Race Inquiry Digest (Sept 9) – Important Current Stories On Race In America

Featured – How to help the victims of Hurricane Dorian. By Nicole Spector / NBC News

Hurricane Dorian made landfall in North Carolina early Friday morning, but it was the Bahamas where Dorian gave its most brutal beating. There, the death toll has reached 43, and destroyed as many as 13,000 homes. The United Nations said that at least 76,000 people are in need of urgent aid, but we are just beginning to understand the severity of the damage. Read how you can help

Nation’s failed weed war turned many into prisoners and others into moguls. By Eileen Rivers / USA Today

Ferrell Scott is spending life in a federal prison for selling large amounts of marijuana. Entrepreneurs are making millions now doing the same thing. Must read

Lester Holt Q&A: In prison, I learned about hope and resilience. By Eileen Rivers / USA Today

Most of us will likely never spend time inside a prison cell. NBC News anchor Lester Holt embedded himself inside the Louisiana State Penitentiary known as Angola for two nights as part of Justice for All, a special report focusing on criminal justice. He traveled to fields where inmates pick crops, spent time with convicted killers and walked away with a sense that hope, even inside a maximum security prison, is hard to wipe out. Read more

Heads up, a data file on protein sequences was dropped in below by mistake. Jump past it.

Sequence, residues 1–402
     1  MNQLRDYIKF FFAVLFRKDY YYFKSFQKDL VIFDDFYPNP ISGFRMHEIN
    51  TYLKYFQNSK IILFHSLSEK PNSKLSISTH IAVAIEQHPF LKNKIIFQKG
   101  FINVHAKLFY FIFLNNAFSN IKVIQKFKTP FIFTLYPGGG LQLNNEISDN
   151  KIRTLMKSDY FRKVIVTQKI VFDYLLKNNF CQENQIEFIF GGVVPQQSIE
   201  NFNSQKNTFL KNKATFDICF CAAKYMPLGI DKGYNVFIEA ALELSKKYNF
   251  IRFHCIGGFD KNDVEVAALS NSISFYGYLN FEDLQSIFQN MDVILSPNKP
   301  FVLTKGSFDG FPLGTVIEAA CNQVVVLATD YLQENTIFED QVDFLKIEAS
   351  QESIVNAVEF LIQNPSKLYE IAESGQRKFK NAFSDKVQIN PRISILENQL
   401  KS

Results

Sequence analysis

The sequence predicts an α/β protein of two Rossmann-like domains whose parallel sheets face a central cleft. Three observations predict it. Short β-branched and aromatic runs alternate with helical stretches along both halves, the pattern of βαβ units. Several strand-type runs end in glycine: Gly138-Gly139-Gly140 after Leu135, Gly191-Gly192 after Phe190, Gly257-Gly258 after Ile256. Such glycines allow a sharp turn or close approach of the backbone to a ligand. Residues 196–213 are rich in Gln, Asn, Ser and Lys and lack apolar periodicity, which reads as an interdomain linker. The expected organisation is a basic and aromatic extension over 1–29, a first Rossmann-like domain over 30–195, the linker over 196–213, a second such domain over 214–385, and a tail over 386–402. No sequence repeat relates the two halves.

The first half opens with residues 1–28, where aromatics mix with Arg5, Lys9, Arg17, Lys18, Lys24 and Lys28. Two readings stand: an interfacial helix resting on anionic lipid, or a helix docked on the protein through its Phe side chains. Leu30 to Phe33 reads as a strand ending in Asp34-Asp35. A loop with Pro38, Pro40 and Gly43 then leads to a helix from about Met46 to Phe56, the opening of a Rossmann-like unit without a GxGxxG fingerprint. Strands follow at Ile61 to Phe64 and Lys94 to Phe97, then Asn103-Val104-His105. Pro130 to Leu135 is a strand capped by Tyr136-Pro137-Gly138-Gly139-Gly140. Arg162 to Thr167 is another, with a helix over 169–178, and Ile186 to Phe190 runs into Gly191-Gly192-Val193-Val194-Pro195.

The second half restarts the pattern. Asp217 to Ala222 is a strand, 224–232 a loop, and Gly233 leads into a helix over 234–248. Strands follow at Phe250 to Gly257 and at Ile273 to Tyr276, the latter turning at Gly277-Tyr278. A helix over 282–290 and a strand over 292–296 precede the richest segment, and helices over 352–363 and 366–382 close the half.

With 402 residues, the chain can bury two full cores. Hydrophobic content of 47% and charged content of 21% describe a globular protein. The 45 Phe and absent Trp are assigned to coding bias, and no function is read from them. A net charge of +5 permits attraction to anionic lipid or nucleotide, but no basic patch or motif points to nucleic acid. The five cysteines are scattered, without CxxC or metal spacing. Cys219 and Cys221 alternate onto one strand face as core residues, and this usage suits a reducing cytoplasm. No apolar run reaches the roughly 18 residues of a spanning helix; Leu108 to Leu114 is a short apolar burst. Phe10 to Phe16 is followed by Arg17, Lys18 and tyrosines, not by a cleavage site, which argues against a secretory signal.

How Joe Biden attracts both black voters and racially ‘resentful’ voters. By Alexander Agadjanian / Wash Post

Democratic voters who score high on a scale that measures sexism, for example, gravitate toward Biden and Sanders and away from Warren and Harris — which is not shocking. But another Biden metric is more surprising and even paradoxical: He attracts the largest proportion of voters who score high on a scale that measures anti-black prejudice, while also garnering the most support, by far, among black voters. Read more

Black unemployment rate falls to a record low. By Chris Isidore / CNN

Black unemployment fell to a record low in August, helped by a jump in the number of black women on the job. The unemployment rate for black workers fell to 5.5% from 6%, according to the Labor Department data. The previous record low of 5.9% was set in May 2018. Read more

The Lost Promise of Reconstruction. By Eric Foner / NYT 

Among the unanticipated consequences of the election of Donald Trump has been a surge of interest in post-Civil War Reconstruction, when this country first attempted to construct an interracial democracy, and in the restoration of white supremacy that followed. Many Americans feel that we are living at a time like the end of the 19th century, when, in the words of Frederick Douglass, “principles which we all thought to have been firmly and permanently settled” were “boldly assaulted and overthrown.” Read more

What’s Missing From “White Fragility.” By Lauren Michele Jackson / Slate

Robin DiAngelo, the author of White Fragility: Why It’s So Hard for White People to Talk About Racism , is a professor at the University of Washington who specializes in whiteness studies and critical discourse analysis. She first introduced the concept of white fragility to an academic audience in a 2011 article published in the International Journal of Critical Pedagogy. In her formulation, white fragility encompasses the range of physiological responses white people exhibit when so much as nudged to consider the racial implications of their existence—when forced to see themselves as white with the worldview to match, regardless of political affiliation. Read more